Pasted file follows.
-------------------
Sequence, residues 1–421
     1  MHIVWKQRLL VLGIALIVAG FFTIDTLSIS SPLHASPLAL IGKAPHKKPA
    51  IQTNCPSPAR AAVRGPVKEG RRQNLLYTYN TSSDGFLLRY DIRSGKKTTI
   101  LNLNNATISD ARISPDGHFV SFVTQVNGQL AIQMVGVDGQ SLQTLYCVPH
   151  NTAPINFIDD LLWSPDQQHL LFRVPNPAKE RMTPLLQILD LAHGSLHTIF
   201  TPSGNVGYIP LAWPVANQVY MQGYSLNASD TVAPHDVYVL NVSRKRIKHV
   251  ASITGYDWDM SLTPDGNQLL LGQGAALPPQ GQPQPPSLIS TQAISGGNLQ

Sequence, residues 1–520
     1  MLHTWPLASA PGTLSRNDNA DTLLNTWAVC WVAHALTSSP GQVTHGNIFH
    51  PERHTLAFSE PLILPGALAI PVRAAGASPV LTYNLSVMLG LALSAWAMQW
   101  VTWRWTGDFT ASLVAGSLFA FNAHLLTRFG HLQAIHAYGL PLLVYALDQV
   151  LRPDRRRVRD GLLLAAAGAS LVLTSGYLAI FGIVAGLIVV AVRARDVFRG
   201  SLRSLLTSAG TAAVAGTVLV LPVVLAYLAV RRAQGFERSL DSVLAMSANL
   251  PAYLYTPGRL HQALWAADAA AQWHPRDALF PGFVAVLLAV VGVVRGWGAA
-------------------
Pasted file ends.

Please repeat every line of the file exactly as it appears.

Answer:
Sequence, residues 1–421
     1  MHIVWKQRLL VLGIALIVAG FFTIDTLSIS SPLHASPLAL IGKAPHKKPA
    51  IQTNCPSPAR AAVRGPVKEG RRQNLLYTYN TSSDGFLLRY DIRSGKKTTI
   101  LNLNNATISD ARISPDGHFV SFVTQVNGQL AIQMVGVDGQ SLQTLYCVPH
   151  NTAPINFIDD LLWSPDQQHL LFRVPNPAKE RMTPLLQILD LAHGSLHTIF
   201  TPSGNVGYIP LAWPVANQVY MQGYSLNASD TVAPHDVYVL NVSRKRIKHV
   251  ASITGYDWDM SLTPDGNQLL LGQGAALPPQ GQPQPPSLIS TQAISGGNLQ

Sequence, residues 1–520
     1  MLHTWPLASA PGTLSRNDNA DTLLNTWAVC WVAHALTSSP GQVTHGNIFH
    51  PERHTLAFSE PLILPGALAI PVRAAGASPV LTYNLSVMLG LALSAWAMQW
   101  VTWRWTGDFT ASLVAGSLFA FNAHLLTRFG HLQAIHAYGL PLLVYALDQV
   151  LRPDRRRVRD GLLLAAAGAS LVLTSGYLAI FGIVAGLIVV AVRARDVFRG
   201  SLRSLLTSAG TAAVAGTVLV LPVVLAYLAV RRAQGFERSL DSVLAMSANL
   251  PAYLYTPGRL HQALWAADAA AQWHPRDALF PGFVAVLLAV VGVVRGWGAA